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ItsyCal – A Delightful Calendar Menubar App

Do You Need another menubar app? Absolutely. You always need another menubar app. Now, do you need another calendar menubar app? Well, maybe.

I’ve been using the calendar menubar app functionality within iStat Menus from bjango.com/… for years, but I may just supplant it with a new favorite called ItsyCal from www.mowglii.com/…. Let’s walk through how iStat Menus provides this functionality and then I’ll tell you about the adorable and useful ItsyCal

iStat Menus

IStat Menus date in menubar

I like the calendar implementation in iStat Menus because it’s configurable to as much (or as little) information in the menubar as you like. I choose to have it say the day and time along with the date. The date is shown as a tiny calendar icon with a red banner across the top and just the number of the date. So right now as I’m writing this up, it says “Sat 06:41 6” where the 6 is in the red and white box. It’s compact and gets me all the information I need in a quick glance.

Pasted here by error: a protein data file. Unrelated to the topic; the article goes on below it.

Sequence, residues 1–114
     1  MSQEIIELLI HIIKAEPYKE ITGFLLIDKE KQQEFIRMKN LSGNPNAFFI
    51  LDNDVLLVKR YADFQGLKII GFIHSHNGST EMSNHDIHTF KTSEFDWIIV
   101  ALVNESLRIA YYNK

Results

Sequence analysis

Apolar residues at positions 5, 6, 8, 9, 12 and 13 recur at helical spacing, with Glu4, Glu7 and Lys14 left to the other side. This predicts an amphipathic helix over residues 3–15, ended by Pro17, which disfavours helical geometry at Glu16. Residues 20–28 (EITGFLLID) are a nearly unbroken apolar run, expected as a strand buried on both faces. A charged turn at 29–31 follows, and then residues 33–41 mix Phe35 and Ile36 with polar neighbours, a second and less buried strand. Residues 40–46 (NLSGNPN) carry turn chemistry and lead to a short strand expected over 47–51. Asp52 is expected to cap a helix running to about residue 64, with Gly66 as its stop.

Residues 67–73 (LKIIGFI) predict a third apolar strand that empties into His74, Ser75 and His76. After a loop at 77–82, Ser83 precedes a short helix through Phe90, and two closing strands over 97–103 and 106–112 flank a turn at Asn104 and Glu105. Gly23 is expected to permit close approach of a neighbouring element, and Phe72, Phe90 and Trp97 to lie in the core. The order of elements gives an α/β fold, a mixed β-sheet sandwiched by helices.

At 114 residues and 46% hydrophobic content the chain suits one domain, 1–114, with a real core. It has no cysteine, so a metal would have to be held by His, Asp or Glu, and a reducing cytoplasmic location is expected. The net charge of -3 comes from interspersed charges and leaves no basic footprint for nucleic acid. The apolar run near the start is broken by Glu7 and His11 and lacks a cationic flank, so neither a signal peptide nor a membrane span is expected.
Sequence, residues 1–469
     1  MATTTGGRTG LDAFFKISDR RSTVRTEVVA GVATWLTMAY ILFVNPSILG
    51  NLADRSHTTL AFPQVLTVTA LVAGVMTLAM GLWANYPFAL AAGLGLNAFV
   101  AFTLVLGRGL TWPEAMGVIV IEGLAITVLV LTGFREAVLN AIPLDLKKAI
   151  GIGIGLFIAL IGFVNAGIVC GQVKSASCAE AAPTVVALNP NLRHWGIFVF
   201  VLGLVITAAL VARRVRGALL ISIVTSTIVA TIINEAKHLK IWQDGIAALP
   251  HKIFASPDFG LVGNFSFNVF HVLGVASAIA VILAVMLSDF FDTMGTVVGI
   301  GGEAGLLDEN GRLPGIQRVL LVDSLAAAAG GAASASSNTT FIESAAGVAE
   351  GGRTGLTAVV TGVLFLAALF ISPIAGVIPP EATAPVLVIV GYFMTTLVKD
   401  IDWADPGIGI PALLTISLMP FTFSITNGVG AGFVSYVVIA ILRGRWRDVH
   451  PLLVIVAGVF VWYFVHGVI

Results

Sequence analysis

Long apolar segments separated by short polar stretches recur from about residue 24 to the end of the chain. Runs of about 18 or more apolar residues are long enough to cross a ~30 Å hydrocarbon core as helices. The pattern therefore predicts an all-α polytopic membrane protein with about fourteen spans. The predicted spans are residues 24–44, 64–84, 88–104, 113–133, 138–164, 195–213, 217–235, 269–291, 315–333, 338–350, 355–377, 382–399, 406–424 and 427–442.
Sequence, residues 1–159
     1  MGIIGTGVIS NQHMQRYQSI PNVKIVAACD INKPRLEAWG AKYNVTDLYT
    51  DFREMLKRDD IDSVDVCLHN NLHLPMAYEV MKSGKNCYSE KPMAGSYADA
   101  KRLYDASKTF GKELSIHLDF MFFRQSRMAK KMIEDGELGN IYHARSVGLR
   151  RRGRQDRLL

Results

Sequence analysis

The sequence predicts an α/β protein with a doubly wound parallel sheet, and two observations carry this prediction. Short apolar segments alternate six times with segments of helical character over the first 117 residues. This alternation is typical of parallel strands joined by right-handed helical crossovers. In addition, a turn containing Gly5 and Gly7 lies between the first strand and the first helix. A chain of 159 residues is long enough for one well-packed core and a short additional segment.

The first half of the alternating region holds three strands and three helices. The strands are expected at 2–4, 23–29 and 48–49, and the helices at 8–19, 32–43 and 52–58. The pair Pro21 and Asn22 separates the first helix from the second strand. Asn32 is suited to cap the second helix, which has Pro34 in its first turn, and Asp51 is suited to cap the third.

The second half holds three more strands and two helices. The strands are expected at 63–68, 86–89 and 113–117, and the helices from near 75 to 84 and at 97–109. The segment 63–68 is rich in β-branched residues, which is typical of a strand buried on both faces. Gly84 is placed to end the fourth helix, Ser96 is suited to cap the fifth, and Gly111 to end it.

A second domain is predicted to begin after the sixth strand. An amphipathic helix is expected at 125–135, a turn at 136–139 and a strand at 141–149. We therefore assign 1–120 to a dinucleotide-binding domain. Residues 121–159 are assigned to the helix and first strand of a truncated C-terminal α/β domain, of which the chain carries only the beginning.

IStat Menus dropdown calendar
iStat Menus Dropdown Calendar

If you tap on the iStat Menus calendar menubar app, it drops down to show you a month at a glance, and any upcoming events from your calendar. Your events for the day can be tailored by choosing which of your calendars you want to display and whether you just want to see today or if you want to see up to the next 7 days worth of events.

The month view of the calendar also allows you to flip month to month, and from there you can click on any day and see events from that day as well.

At the bottom of the dropdown is a handy calendar icon that lets you pop open the full calendar.

The calendar menubar app from iStat Menus can also display a set of usable-configurable world clocks. I have mine set to show Dublin for Bart, along with Wellington for Maryanne and Allister, Berlin for Claus and Kyoto for Kaylee. At a glance, I can see whether pinging any of them with a question will be unnoticed because it’s the middle of the night for them. Doesn’t stop me from bothering them; just allows me to target when I bother them.

Of course iStat Menus is spectacular for way more cool features than just a menubar calendar app. I just realized I’ve never done a full tutorial on all of the features of iStat Menus for the NosillaCast. I must add that to my to do list! I did do an update tutorial on ScreenCastsOnline for iStat Menus 6 if you want to go check that out.

I’m a huge fan of iStat Menus and wouldn’t give it up for anything, but perhaps there’s a better calendar menubar app.